So the easiest way to get the holes on the Poster board to line up with the sheet metal holes that you already cut is to just lay the sheet metal on top of the poster board. Line up a corner of the sheet metal to the corner of the poster board so two sides of the board line up with two sides of the metal. Then take a pencil and start tracing the outline of the sheet metal onto the poster board, along with all the holes in the sheet metal.

Now take the poster board and start cutting and drilling out the holes, but make sure to use a little smaller drill bit then what you used to drill the sheet metal, not only does this poster board make it easier to solder but it will hold all the LEDs in place.

Step 4: Putting in the LEDs

Alright almost to the fun part of soldering! Maybe its just me but I enjoy soldering, it always seems to be one of the final steps so when you are doing it the project is almost complete!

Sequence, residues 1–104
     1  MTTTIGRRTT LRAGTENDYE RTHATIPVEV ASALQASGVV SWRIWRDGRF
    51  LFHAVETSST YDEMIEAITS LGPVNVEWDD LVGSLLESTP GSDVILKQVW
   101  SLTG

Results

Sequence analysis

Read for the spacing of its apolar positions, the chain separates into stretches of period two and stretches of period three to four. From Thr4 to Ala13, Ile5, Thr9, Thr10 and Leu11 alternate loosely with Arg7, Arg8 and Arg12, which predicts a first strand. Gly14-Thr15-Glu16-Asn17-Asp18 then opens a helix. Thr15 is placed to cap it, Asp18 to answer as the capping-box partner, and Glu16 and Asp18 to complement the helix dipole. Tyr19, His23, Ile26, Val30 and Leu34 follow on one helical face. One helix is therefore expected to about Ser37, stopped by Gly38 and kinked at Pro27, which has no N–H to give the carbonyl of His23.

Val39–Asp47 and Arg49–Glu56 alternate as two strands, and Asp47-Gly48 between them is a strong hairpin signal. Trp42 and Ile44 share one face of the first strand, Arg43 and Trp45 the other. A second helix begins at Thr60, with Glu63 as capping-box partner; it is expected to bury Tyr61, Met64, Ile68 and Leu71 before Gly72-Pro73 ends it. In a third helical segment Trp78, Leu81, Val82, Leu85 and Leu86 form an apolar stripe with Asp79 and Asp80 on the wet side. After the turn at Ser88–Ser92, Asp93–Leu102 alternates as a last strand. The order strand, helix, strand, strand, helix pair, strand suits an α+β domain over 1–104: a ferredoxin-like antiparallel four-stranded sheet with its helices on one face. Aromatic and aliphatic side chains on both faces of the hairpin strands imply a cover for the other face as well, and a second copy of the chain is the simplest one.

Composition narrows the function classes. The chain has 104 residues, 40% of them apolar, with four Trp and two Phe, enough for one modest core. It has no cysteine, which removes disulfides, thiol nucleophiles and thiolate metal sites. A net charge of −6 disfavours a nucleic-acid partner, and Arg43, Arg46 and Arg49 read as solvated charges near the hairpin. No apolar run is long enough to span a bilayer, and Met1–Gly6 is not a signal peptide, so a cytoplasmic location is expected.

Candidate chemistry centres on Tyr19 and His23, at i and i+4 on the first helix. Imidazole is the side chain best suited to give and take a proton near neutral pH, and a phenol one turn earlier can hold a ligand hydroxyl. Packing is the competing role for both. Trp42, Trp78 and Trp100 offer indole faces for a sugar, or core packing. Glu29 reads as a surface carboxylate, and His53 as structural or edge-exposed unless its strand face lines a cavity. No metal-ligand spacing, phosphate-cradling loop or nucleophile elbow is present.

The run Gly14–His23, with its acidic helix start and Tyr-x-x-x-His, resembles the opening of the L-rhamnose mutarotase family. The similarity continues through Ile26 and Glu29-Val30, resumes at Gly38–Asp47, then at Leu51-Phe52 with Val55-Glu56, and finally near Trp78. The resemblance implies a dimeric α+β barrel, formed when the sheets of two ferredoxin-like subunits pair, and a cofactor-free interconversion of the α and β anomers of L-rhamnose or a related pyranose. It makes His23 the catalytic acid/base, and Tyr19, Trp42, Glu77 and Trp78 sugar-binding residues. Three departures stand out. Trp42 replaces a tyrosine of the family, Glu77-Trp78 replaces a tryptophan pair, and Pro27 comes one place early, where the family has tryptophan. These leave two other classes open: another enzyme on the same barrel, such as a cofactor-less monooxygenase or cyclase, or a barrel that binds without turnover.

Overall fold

SO, start putting all the led leads through the holes in the poster board so all the LEDs are sticking out of one side of the board and all the leads are out of the other.

Next grab your sheet metal and set it on top of the LEDs and start putting all the LEDs through the underside of the sheet metal. If you are doing this right the little ridge of the LEDs are being pinched in between the Poster board and the sheet metal.

Once you get all of those through and all LEDs in their places, grab the bolts and nuts and slide those through the holes that you made at the corners of the board, this will hold the Poster board to the sheet metal and keep all those LEDs in their correct positions.